Breathtaking digital interactive installations: Reimagining public space with hi-tech art
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Breathtaking digital interactive installations: Reimagining public space with hi-tech art

Breathtaking digital interactive installations: Reimagining public space with hi-tech art

Kylie Bolton

What comes to mind when you hear about digital interactive installations? Probably art that creates some form of interaction and non-scripted play between itself and the visitor. But these installations take interactivity further: art suddenly responds to visitors' inputs and a dialogue emerges. Your presence in a space influences how the next person behaves. And just like that, the presence of others creates an enlightening experience
Digital interactive installations, as a description, combines two terms: digital art installation and interactive installations. Let's start by looking at digital art installations that turn the computer into an artistic tool that manipulates both the real and virtual world, inviting the visitor to become part of the artwork. Some of the most gripping examples of art installations activate the physical space in an exciting way. These installations allow for different forms of interaction like touch, socialization and physical engagement. These experiences are usually created through video or 3D images and sensors that detect and respond to human movement, localizing your attention.

Virtual painting inspired by biology and micro-organisms. Digital interactive installation by Miguel Chevalier. Source: designboom.

After using software to reconfigure a painting, sculpture or other traditional media into new forms, the real fun begins. Whether the aim is to create a fun, exhilarating experience or a deeper connection between an artwork and the audience, installation advertising will immerse you long enough to convey its message powerfully. When cameras, microphones, the internet and speakers are added into the mix, this art becomes even more enthralling. There are so many great uses of digital interactive installations; here are a few highlights.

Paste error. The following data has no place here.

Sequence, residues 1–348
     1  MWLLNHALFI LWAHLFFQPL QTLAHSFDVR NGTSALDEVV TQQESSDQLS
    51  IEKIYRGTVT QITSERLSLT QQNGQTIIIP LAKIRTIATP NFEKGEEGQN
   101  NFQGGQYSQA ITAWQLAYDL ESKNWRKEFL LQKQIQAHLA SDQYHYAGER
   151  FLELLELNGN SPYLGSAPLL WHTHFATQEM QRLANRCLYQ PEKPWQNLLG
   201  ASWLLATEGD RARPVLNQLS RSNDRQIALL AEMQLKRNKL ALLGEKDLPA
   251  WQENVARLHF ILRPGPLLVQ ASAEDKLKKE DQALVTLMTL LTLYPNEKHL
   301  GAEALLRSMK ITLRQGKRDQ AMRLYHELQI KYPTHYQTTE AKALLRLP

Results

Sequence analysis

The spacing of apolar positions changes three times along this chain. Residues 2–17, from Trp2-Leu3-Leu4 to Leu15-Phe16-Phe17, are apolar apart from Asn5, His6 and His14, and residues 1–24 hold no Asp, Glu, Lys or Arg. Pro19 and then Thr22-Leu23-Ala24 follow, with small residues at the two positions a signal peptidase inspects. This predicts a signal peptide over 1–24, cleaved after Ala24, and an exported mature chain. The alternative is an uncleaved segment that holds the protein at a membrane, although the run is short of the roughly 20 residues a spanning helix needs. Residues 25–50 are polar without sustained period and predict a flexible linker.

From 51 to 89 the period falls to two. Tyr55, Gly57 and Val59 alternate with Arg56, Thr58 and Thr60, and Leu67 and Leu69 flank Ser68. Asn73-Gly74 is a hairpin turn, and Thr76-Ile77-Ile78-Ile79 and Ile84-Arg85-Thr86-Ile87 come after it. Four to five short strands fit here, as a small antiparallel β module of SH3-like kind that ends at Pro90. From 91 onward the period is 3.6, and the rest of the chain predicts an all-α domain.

Read more on how brands use art installations to spread a message.


A digital touch-activated greenhouse

Picture this: you're walking through a greenhouse in Tokyo, but the entire structure is covered with an LED light installation, and every plant and vegetable you touch triggers a different orchestral symphony. You realize that you have just stepped into Digital Vegetables, a brightly colored, touch-sensitive digital light installation. There are seven different vegetables flourishing in the rich soil, each enhanced by video and sounds. The sound effects are a combination of leaves touching, seeds rubbing and various orchestral instruments – sweet potatoes are pianos, carrots are trumpets, tomatoes are violins, radishes are flutes, pumpkins are clarinets and cabbages are oboes.

Touch, feel, and listen to the symphony at Digital Vegetables. Credits to Digital Greenhouse Party website.

Psychedelic greenhouse promote agriculture in Tokyo. Credits to Credits to Digital Greenhouse Party website. Source Mashable
This ingenious digital interactive installation is the masterpiece of studio PARTY, set up to create an interactive experience that appeals to all our senses, as visitors are beckoned to smell, touch and listen to the plants growing around them. The aim behind the design was to encourage a conversation about agriculture and sustainable food systems in a stimulating way that doesn’t bog people down with complex information but instead celebrates the science, art and business behind agriculture in a built environment.


Hi-tech experience in an abandoned bowling alley

A key feature of digital interactive installations is that the viewer is anything but a passive onlooker. Visiting House of Eternal Return by Meow Wolf, an abandoned bowling alley in Sante Fe, New Mexico, is like playing a live strategy and role-playing game that involves solving a mystery, very much like the computer game Layers of Fear. The mystery revolves around the Selig family, an artist, husband and son, and their sudden disappearance in their Victorian styled home – the one that you now find yourself in. Your role is to move through this nonlinear installation and use each scene to find out what happened to them.
Where will this passageway in the House of Eternal Return lead you?. Artists: Meow Wolf. Source: This is Colossal.